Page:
HCMC Fine Arts Museum has subsided and developed cracks in its sloughing walls, and its fences and gates are tilting.
Located on a 3,500-square-meter plot in District 1’s Le Thi Hong Gam Street, Ho Chi Minh City Fine Arts Museum (L) has faced a lot of damage in the last few years, especially to the first of three buildings in the complex, the guardhouse, and fences.
On Le Thi Hong Gam Street, the museum’s two gates are deflected and cannot be closed properly. The banner, put up by the museum, reads: “Warning, dangerous area, please do not come close.”
The museum’s fence, two meters high and 50 meter long, is “waving” and tilting outwards.
A guardhouse is also damaged with cracks and sloughing walls.
Cracks on the main staircase. According to the museum, after construction of a commercial skyscraper began next door in 2012, three of its buildings have sunk and suffered cracks on walls and floors.
Inside the first building of the museum, there are many cracks to the walls, with two of them up to three meters long. Many of these have been sealed for further investigation. Some decorative patterns have peeled off and littered the ground.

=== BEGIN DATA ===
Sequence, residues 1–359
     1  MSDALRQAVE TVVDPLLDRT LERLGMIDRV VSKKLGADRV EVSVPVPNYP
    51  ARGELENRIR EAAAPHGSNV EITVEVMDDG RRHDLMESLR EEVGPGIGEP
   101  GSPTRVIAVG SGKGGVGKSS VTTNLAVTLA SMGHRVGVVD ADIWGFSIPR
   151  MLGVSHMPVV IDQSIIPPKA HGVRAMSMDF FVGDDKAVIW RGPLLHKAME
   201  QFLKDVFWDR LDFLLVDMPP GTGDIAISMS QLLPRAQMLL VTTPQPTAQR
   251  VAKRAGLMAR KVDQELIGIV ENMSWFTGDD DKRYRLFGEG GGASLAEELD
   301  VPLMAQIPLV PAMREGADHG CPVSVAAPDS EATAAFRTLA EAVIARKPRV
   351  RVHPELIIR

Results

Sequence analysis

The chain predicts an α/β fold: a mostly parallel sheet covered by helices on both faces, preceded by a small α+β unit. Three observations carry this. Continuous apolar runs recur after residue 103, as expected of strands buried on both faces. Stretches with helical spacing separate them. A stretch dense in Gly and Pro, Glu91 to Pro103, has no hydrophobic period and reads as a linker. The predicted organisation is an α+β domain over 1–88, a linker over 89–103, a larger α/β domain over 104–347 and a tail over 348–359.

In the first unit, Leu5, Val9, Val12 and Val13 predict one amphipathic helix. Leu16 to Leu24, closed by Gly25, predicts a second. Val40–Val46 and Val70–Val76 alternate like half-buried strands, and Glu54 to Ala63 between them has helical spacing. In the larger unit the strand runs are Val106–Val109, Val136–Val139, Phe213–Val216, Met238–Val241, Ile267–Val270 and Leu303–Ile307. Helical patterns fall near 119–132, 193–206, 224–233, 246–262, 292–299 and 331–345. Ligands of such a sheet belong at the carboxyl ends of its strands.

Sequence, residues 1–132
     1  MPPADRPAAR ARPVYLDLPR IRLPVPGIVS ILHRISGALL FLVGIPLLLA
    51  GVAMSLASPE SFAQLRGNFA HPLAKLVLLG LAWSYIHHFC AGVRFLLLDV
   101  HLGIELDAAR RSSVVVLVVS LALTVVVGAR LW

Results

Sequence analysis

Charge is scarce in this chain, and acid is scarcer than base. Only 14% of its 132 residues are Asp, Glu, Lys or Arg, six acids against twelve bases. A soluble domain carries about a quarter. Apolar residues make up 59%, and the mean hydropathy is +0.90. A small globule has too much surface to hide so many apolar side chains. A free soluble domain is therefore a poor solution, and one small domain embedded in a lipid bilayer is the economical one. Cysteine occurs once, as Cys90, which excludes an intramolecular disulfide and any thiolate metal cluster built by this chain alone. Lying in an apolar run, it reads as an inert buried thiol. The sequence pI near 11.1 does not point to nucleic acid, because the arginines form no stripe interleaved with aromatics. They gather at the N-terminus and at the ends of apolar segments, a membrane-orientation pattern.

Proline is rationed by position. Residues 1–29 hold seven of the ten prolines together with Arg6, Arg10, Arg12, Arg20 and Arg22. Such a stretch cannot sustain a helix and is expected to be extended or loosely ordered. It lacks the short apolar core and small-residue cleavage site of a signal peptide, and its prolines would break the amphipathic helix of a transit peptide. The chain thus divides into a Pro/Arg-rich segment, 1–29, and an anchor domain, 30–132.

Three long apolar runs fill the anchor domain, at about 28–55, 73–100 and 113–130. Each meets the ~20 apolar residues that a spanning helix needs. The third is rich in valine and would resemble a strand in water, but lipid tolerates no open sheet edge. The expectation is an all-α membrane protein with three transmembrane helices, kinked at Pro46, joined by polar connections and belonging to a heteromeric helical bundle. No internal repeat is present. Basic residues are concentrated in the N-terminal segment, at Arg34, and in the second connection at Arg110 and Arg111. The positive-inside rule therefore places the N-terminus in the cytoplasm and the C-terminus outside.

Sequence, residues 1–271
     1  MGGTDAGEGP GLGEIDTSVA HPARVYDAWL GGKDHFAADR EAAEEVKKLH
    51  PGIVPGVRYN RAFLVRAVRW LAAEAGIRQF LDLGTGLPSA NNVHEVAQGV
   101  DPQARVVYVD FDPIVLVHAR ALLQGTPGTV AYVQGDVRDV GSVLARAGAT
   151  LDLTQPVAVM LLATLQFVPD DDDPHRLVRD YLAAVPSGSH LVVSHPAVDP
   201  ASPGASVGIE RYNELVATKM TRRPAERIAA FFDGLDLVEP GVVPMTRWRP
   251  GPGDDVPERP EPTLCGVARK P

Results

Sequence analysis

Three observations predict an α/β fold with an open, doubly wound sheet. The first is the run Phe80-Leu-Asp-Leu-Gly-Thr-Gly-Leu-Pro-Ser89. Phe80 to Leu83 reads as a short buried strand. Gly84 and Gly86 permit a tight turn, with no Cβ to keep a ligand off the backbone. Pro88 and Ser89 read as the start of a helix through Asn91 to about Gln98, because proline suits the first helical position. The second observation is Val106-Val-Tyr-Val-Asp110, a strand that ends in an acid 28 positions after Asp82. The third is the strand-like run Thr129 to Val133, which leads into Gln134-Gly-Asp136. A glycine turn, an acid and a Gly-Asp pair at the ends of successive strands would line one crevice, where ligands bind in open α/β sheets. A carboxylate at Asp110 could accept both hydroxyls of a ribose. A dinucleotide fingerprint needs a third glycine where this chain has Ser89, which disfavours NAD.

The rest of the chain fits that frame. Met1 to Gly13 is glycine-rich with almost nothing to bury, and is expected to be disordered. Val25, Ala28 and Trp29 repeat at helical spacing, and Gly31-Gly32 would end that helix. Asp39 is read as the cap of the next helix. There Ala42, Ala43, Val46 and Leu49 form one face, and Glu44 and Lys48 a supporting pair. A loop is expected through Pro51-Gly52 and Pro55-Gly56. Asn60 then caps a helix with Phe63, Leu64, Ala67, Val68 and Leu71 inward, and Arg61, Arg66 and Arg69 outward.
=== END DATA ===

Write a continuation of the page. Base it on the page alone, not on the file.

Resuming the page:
The base of a pillar in the museum with relief work cracked under the pressure of a subsiding building. In March 2017 relief work in the first building of the museum fell off and was restored with the assistance of the skyscraper contractor. After several years, the construction was resumed in late 2019, further affecting the museum badly.
Pillars on a balcony in a museum building that subsided. Coteccons, which is building the skyscraper, suggested installing support along the tilting walls, but this was rejected, according to museum director Tran Thanh Binh.
A huge crack on the floor fixed with glue.
Covering three-floor buildings and housing around 21,000 artworks, the museum welcomes around 200,000 visitors per year. Entry costs VND30,000 ($1.29).
Officially opened in 1992, the museum is housed in a villa built in 1929 for Hua Bon Hoa, a Sino-rooted businessman. With its U-shape and blend of eastern and western styles, the museum was the first building in Saigon to have elevators in the early 20th century.
Ho Chi Minh City Department of Culture and Sports recently suggested the municipal People’s Committee ask the Department of Construction to work with the contractor and related parties to restore the museum’s fences, gates, and floors by October 8; and provide a solution to restore the three buildings and guardhouse by November 19.